Evolving to the end

January 20, 2004|By Larry Lasher

IT HAS NOT been an easy trip, from the Big Bang to the microchip. Against all odds, the species has survived through several millennia, but it's an even-money bet as to whether the gradual accumulation of higher-order human behaviors will outrun the more primitive responses of our hard-wired brains.

A contemplative view of the now almost casual carnage in Israel, the appalling large-scale massacre of neighbor by neighbor in the Balkans, genocide in Africa, and forms of terrorism everywhere, suggests that despite the evolution of higher-order human sensibilities, the primitive instincts of the primordial brain continue to dictate much of human behavior.

While the most brutal forms of human-to-human cruelty are not new to the human experiment, the tensions produced by a world shrinking into a "global village," and the specter of suitcase-sized weapons of mass destruction - which keep popping up on network news and in our perfervid dreams - suggest that we will not avoid our looming Darwinian fate. The major achievements of the "big brain" - the development of experimental science and really smart engineering - may ultimately produce an environment to which we will be unable to adapt.

Even if our big brains and opposable thumbs allow us to cope with the sorts of environmental catastrophes that did in earlier species, the technologies that produce those adaptations may, finally, clear the terrestrial decks for the next contender species. That is, we may succumb to the apparently inevitable advances that arise from our own evolutionary unfolding.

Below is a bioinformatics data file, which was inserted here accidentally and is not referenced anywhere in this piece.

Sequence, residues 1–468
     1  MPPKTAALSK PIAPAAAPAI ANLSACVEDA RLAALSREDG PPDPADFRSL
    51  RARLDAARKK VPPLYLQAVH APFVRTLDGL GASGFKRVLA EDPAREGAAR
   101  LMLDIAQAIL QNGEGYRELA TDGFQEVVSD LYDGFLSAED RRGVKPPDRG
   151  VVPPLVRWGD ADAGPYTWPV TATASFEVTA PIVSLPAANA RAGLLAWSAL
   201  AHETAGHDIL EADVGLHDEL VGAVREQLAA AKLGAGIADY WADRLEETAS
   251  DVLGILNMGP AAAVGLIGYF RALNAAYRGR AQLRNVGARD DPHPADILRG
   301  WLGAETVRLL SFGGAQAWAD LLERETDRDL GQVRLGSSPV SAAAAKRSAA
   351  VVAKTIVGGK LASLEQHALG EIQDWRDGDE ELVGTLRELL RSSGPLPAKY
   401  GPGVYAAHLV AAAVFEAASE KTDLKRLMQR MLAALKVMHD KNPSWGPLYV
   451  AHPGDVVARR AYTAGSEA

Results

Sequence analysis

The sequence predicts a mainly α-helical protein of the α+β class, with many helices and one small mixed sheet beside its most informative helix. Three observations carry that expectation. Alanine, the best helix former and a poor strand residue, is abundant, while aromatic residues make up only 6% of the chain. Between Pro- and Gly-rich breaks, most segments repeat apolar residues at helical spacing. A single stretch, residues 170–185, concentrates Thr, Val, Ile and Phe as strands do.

It may be that we will be the victims of a cosmic joke, if only we were prepared to laugh. The laugh will be on us when the world ends with a bang as our astounding technology produces an increasingly intimate interaction with "the other" and at the same time provides us with the readily available tools to destroy the alien other, the infidel, the oppressor, the "axis of evil."

The capacity to see and hear and feel the other in ways that were never possible while the separations of geography remained without a bridge has produced an environment in which we may be unable to survive, just as the dinosaurs were when that cloud of dust obscured the sun. If the big guys needed sunlight and a constant rate of ice melt, we need the comfortable isolation from the alien other that prevailed until we became too smart for our own good. The technologies that have made it possible for us to control the biosphere may turn out to be the trigger of the social and political cataclysm that will bring us down and give the Earth back to the clicking beetles and the scurrying rats.

The destruction of the twin towers in New York may have been the announcement of the beginning of the final episode in the human narrative as those gleaming symbols of human accomplishment collapsed in response to a force more basic in its origins and redolent of more chaos to come.

The roar of the crumbling concrete, the clatter of the shattering glass, the moan of the twisting steel and the human cries of the doomed when those planes slammed into the World Trade Center may have signaled the beginning of the end of an experiment in evolution in which astounding success produces profound failure.

Larry Lasher is associate director of the Honors College at the University of Maryland, Baltimore County. He lives in Columbia.

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